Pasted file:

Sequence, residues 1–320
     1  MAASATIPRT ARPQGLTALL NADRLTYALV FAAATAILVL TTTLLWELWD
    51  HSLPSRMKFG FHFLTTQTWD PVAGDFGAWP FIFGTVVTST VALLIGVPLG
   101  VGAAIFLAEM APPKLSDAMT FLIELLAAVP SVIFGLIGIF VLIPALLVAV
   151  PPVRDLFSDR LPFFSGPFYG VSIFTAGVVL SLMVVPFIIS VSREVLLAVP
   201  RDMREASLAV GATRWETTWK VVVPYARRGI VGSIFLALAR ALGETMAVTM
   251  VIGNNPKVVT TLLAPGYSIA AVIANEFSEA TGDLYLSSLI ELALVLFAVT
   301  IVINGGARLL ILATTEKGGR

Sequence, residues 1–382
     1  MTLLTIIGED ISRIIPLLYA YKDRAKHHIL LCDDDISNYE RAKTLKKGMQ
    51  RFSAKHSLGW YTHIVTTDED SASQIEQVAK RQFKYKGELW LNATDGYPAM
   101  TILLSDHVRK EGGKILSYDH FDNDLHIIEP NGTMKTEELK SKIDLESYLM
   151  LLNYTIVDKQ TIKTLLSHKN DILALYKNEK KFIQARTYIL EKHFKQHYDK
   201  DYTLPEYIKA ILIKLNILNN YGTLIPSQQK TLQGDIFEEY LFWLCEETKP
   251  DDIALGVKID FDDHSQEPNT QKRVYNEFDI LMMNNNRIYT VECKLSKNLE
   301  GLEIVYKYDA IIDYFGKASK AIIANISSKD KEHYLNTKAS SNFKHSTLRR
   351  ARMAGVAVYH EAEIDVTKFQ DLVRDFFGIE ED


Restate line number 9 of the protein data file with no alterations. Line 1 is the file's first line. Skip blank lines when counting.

Sequence, residues 1–382